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versão impressa ISSN 0012-7353

Dyna rev.fac.nac.minas vol.81 no.186 Medellín jul./ago. 2014

Chemical-mineralogical characterization of copper smelting flue dust

Caracterización químico-mineralógica de polvos de fundición de cobre


Eduardo Balladares a, Ursula Kelm b, Sonia Helle c, Roberto Parra d & Eugenia Araneda e


a Departamento de Ingeniería Metalúrgica, Universidad de Concepción, Chile.
b Unidad de Geología Económica Aplicada (GEA), Universidad de Concepción, Chile.
c Unidad de Geología Económica Aplicada (GEA), Universidad de Concepción, Chile.
d Departamento de Ingeniería Metalúrgica, Universidad de Concepción, Chile.
e Departamento de Ingeniería Metalúrgica, Universidad de Concepción, Chile.


Received: September 19th, de 2012. Received in revised form: June 14th, 2013. Accepted: March 5th, 2014


In pyrometallurgical processing of copper, 5-10 wt-% of concentrates fed to smelting furnaces are released in the form of flue dust, which contains most of the impurities that pollute products and effluents as well as very significant amounts of copper. Consequently, these dusts cannot be disposed of as an industrial waste and must be treated to recover the copper in order to assure efficient processing. Better process designs needs precise dust characterization. The present study is aimed at generating useful physical, chemical and morphological information of copper smelting flue dust for samples from the gas handling system of a flash smelting furnace. The analyses showed that copper and iron are mainly found in water-soluble phases like chalcantite and chalcocyanite; the water-insoluble fraction contains largely hematite and magnetite; the presence of delafossite is likely. Part of the copper detected in the insoluble fraction is also associated to iron in form of spinel.

Keywords: flue dust, characterization, copper smelting dust.

En el procesamiento pirometalúrgico del cobre, hasta 10% de la carga alimentada a los hornos sale de estos en forma de polvo arrastrado por los gases conteniendo la mayor parte de las impurezas presentes en el mineral, así como cantidades significativas de cobre por lo que no pueden ser descartados como residuos industriales y debe tratarse para recuperar el cobre. La conceptualización de nuevos y mejores procesos requiere caracterizaciones de estos materiales más precisas. Se analizaron polvos provenientes de una caldera recuperadora de calor y de un precipitador electrostático, ambos de un horno de fusión instantánea. Las diferentes herramientas analíticas empleadas muestran que el cobre y el hierro se encuentran principalmente en fases solubles en agua tales como chalcantita. La fracción insoluble está formada mayoritariamente por hematita y magnetita, con probable presencia de delafosita. Parte del cobre detectada en la fracción insoluble se asocia al hierro en forma de espinela.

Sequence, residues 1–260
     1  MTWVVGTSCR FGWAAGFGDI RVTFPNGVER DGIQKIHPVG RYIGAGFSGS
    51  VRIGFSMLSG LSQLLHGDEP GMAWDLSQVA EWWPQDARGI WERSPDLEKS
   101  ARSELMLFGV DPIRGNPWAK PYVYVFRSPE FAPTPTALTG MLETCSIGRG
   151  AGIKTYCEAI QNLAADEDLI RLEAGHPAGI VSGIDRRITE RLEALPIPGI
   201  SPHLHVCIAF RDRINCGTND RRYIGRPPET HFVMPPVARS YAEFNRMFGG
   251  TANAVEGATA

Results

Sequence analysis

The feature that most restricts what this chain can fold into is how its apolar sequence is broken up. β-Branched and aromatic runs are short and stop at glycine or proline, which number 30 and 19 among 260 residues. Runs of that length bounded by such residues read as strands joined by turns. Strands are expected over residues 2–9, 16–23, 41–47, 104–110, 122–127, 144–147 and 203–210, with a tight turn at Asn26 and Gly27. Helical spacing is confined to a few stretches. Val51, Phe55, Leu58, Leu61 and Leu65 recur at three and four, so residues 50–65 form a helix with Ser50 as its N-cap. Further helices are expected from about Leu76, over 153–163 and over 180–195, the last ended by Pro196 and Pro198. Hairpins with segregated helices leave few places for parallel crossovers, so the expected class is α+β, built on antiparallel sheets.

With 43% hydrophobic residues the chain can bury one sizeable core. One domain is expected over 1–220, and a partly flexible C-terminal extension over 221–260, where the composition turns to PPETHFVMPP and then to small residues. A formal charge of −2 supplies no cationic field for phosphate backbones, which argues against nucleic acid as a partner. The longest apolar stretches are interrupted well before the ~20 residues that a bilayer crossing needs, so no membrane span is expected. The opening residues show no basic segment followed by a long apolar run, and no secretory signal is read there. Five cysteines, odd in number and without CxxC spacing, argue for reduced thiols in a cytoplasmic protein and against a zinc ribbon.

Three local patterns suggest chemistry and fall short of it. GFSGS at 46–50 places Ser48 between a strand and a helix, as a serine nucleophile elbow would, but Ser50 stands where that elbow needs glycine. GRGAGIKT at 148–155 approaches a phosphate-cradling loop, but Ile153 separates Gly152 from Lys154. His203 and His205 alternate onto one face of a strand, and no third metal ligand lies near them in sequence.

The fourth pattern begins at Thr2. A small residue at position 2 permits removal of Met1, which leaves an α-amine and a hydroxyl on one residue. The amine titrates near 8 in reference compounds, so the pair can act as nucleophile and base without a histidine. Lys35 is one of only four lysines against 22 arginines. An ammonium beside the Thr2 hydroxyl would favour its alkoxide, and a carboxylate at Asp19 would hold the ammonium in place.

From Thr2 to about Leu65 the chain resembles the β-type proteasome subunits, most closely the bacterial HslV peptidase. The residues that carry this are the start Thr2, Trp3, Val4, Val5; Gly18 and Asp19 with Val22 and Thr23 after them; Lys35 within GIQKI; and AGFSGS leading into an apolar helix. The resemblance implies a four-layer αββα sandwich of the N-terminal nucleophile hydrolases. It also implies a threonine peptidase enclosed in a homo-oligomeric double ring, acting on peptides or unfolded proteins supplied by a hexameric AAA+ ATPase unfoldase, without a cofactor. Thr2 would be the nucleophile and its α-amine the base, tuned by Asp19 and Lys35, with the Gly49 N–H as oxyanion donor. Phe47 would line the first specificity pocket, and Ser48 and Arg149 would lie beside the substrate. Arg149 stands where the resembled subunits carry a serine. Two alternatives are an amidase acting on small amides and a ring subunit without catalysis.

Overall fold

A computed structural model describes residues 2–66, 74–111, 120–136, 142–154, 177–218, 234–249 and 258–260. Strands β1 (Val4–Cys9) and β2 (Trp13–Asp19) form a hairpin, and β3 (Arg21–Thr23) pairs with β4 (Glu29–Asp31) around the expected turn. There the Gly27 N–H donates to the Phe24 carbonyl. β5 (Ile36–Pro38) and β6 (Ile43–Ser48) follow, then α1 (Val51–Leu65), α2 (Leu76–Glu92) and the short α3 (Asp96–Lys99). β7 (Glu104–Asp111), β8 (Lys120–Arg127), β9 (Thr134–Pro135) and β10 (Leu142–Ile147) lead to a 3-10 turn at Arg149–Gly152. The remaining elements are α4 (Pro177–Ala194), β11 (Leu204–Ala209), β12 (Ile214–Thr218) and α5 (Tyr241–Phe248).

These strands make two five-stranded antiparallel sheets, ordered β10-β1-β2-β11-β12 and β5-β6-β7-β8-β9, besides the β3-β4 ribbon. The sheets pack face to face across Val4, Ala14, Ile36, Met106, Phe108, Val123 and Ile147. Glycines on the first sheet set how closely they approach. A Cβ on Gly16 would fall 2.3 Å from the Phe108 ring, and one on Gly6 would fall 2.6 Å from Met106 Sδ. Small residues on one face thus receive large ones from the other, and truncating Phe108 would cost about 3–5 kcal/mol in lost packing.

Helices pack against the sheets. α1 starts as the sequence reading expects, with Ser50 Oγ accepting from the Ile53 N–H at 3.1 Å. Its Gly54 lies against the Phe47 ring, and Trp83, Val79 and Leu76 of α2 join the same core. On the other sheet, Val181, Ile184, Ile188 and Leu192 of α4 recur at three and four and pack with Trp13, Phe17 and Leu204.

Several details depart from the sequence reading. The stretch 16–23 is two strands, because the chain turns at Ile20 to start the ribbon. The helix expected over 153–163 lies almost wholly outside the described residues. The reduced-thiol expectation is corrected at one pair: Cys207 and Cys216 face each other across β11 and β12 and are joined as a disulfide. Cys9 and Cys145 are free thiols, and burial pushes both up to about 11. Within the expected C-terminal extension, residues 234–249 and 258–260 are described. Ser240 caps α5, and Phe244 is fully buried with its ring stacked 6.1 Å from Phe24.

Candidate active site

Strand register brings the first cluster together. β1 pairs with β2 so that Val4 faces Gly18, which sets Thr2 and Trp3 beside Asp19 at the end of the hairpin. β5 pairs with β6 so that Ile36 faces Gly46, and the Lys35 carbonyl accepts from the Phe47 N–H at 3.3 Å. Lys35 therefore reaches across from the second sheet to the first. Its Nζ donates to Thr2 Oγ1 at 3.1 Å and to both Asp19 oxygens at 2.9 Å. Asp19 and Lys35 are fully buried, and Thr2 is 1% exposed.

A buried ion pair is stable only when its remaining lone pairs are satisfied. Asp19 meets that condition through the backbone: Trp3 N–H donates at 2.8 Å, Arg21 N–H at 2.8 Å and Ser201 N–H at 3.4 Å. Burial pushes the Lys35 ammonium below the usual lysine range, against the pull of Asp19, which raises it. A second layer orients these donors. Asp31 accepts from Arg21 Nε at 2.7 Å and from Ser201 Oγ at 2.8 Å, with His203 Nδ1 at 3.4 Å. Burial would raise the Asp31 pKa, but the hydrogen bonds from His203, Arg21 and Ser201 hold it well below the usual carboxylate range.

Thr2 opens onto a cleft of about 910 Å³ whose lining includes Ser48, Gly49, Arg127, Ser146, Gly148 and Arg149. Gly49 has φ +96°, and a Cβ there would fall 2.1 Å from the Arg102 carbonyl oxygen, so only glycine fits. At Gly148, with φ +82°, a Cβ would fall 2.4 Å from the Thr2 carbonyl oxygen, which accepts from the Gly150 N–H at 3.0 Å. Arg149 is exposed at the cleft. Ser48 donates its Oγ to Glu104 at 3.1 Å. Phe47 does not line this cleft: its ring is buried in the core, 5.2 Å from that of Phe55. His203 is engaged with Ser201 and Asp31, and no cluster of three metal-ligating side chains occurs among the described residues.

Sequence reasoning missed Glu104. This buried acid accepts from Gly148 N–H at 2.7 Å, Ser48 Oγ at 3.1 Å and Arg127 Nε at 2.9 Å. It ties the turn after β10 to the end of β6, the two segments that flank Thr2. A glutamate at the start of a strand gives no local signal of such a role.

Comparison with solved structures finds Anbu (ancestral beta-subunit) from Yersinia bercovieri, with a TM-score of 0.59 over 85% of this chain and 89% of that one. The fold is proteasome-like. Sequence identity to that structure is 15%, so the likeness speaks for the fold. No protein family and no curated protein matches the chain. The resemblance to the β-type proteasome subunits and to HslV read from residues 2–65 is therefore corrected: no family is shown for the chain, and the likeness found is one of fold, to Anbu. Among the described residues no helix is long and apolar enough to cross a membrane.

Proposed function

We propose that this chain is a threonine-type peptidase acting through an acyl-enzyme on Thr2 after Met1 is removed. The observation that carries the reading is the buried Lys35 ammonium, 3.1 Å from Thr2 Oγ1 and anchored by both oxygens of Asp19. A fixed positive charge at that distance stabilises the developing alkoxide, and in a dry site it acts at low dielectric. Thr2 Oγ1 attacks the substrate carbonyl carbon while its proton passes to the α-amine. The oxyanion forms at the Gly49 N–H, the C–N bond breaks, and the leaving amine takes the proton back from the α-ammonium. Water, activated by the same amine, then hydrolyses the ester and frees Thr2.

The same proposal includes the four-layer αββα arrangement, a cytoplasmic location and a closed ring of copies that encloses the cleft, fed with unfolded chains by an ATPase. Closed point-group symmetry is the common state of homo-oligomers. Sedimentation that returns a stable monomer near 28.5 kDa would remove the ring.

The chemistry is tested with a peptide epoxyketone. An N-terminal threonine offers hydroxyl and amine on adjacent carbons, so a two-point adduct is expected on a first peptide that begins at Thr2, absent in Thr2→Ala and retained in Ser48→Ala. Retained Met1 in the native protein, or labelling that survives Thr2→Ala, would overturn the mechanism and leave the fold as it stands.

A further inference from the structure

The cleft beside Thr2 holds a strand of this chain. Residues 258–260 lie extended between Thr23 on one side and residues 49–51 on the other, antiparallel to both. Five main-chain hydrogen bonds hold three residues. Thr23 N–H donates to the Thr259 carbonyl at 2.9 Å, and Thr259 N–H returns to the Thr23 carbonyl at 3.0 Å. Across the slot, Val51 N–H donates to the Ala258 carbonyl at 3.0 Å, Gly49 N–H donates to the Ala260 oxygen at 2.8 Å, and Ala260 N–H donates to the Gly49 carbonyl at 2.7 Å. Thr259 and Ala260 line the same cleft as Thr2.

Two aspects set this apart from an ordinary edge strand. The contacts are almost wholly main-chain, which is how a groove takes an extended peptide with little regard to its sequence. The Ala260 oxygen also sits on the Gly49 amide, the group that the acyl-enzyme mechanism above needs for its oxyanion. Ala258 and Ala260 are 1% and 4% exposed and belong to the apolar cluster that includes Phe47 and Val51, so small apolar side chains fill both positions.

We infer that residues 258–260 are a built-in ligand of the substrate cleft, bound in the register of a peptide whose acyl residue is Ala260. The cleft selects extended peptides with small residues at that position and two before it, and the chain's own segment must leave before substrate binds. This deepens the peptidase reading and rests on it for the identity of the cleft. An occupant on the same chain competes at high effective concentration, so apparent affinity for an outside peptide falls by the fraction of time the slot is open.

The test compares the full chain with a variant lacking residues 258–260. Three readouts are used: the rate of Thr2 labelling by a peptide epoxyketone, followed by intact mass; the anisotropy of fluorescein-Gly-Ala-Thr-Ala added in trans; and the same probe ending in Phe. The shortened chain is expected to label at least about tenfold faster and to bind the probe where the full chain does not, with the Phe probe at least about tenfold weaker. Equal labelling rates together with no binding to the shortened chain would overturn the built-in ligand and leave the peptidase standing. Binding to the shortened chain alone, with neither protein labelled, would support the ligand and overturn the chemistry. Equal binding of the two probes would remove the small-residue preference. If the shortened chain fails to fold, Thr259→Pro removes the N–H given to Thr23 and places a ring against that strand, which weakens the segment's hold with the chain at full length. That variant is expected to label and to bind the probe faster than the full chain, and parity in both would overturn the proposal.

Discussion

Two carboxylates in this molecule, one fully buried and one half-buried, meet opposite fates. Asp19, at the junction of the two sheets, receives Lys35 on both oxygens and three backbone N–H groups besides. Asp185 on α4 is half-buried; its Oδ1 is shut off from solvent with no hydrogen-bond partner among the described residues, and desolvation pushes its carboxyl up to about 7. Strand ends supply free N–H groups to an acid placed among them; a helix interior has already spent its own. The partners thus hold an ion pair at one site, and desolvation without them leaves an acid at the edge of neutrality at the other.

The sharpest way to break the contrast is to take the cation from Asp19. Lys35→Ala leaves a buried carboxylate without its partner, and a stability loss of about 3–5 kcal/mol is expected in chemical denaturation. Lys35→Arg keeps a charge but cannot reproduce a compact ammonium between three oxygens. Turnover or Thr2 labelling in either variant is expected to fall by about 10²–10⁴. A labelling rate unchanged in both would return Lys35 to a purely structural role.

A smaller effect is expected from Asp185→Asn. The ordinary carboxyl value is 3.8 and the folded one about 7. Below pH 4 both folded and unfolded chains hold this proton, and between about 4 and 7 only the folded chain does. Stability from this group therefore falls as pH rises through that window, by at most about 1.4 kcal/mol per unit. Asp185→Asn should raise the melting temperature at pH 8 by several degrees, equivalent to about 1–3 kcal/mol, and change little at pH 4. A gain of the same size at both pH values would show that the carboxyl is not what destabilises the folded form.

Palabras clave: polvos de fundición, caracterización, fundición de cobre.


1.  Introduction

In the pyrometallurgical processing of copper concentrates, the most commonly employed technology is the flash smelting furnace. This type of reactor produces a high strength SO2-bearing gaseous stream that carries an important amount of solid particles outside the furnace. This solid-gas suspension leaves the furnace at high temperature (about 1400 °C), and is treated in a gas-handling system that uses waste boiler heat to separate coarse solids from gas as well as heat recovery to be used in concentrate drying equipment. The gas leaving the waste-heat boiler (WHB) at 350 ºC enters the electrostatic precipitator (ESP) for removal of fine particles leaving a solid-free gas stream suitable for sulfuric acid production in an acid plant.

This solid separated from the gaseous stream constitutes the so-called copper smelting flue dust and comprises a coarse fraction named WHBD (waste heat boiler dust, Dust I) and a fine fraction named ESPD (electrostatic precipitator dust, Dust II).

The composition of these dusts is variable for different operations. The composition depends on the mineralogy of the concentrates, fluxes and circulating material (slag, dust, etc.), and their respective proportions. Thus flue dust is composed of fine particles, fragmented particles and condensed compounds that have been carried out by the gaseous stream.